Macrophages represent the most abundant antigen presenting cells in inflammatory infiltrates and tumors. An important immunoregulatory function of macrophages is to present antigen to cognate T cells. Antibody (IgG)-antigen complexes are internalized into macrophages through potential interactions with multiple different Fc receptors and are subsequently delivered to subcellular compartments where peptides derived from the proteolyzed antigen can be loaded onto MHC molecules. However, the multitude of possible Fc receptor interactions with the antibody-antigen complexes influences the spatial and temporal behavior of antigen and consequent peptide-MHC repertoire through a complex, and poorly understood, network of subcellular trafficking pathways. We have developed advanced microscopy tools to enable the analysis of three-dimensional, dynamic cellular processes at unprecedented levels of spatiotemporal resolution. We will combine these approaches with antibody engineering and analyses in mouse models of cancer and autoimmunity to elucidate how the combination of antigen delivery vehicle, microenvironmental factors and macrophage phenotype interplay to result in specific antigen presentation outcomes. The two long term goals of these studies are: one, to develop novel mechanistic insights into the fundamental cell biological processes determining the repertoire of presented antigens; two, to define how to deliver antigen to macrophages to orchestrate a predictable immune response.
Kinases and their antagonistic phosphatases both provide a key regulatory mechanism controlling many cellular events. Yet our molecular understanding of phosphatases lags behind. Recently we described an interaction between Protein Phosphatase 4 (PP4) and Drosophila centromeres, which when disrupted affects the mitotic centromere integrity and spindle assembly checkpoint activity. The details of this pathway remain to be elucidated. Nor is it known how this finding relates to PP4's de-regulation in many cancers. I will therefore turn to human cell line model to address these questions. Towards determining human PP4’s mitotic functions, CRISPR/Cas9 gene editing will be used to generate cell lines expressing endogenous PP4 fused with the AID tag allowing for inducible and rapid degradation of the phosphatase. This approach will facilitate PP4 removal specifically in mitotic cells, the effects of which will be characterised by cell imaging. Parallel studies, including proteomics, will deliver precise information on the human PP4 interaction network and behaviour during mitosis. Together these data will reveal the affected processes and provide a blueprint for subsequent detailed investigations that identify the involved pathways, PP4-specific substrates and their phospho-regulatory sites. The results of this study will be later placed within a larger investigatory framework dissecting chromosome segregation.
Vacation Scholarships 2017 - University of Southampton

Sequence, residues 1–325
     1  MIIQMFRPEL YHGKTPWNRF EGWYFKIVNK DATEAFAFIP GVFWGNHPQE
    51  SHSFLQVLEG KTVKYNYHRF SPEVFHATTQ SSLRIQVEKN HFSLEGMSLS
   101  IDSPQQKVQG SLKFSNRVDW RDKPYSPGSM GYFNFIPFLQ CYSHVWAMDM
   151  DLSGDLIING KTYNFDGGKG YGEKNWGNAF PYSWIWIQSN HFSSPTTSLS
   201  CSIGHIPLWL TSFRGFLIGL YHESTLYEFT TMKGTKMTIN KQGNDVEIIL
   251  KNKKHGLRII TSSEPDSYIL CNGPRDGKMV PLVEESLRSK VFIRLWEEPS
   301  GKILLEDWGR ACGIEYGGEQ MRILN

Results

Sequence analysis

Internal daily timekeeping systems known as circadian clocks are used by all types of organisms to regulate their metabolism. For example, the clock-controlled scheduling of food intake and use affects health and longevity in both mammals and insects. Time-restricted or nutrient-restricted feeding improves the health of both mice and fruit flies (Panda, Science 2016). The period gene, which plays a key role in the circadian clocks of animals, provides a link between daily timekeeping and metabolic health. Flies lacking the period gene store less glycogen and triglycerides in spite of ingesting more food and are, therefore, more sensitive to starvation. I propose to test where and how the period gene provides this metabolic function. In particular, I will ask whether its role in starvation resistance is due to its control of sleep/wake rhythms or its function in periperhal clocks of metabolic tissues such as the fat body. Moreover, Dr Wijnen's laboratory recently showed that the period gene is induced at colder temperatures (Goda et al., Proc Biosci 2014) and I will test whether period-mediated starvation resistance is found preferentially at colder temperatures.
Biofilm formation and dispersal are controlled by the secondary messenger bis-(3’-5’) cyclic dimeric guanosine monophosphate (c-di-GMP); high levels are associated with biofilm formation, while a reduction induces dispersal. The enzymes catalysing formation of c-di-GMP are diguanylate cyclases, while phosphodiesterases catalyse the breakdown of c-di-GMP. Structural studies of the EAL type phosphodiesterases were observed in the host laboratory in the presence of substrate c-di-GMP, suggesting that these structures would require further steps to attain full catalytic activity. The host laboratory have recently demonstrated that dimerization and active site formation as well as formation of three metal binding sites are distinct activation steps required to tune the enzymatic activity of phosphodiesterases (Scientific Reports 2017). The proposed project deals with the motility regulator protein, MorA, and the mucoid alginate regulator, MucR, from Pseudomonas aeruginosa. Both proteins have dual activity as diguanylate cyclase and phosphodiesterase. Interestingly, the two linked catalytic domains influence each other's activity; different levels of activity are observed for the phosphodiesterases when comparing isolated domains with the linked conformation. The objective of the project is to purify these proteins and determine their catalytic activities, comparing the isolated domains, mixtures of the individual domains, and the cyclase-phosphodiesterase domains in linked conformation.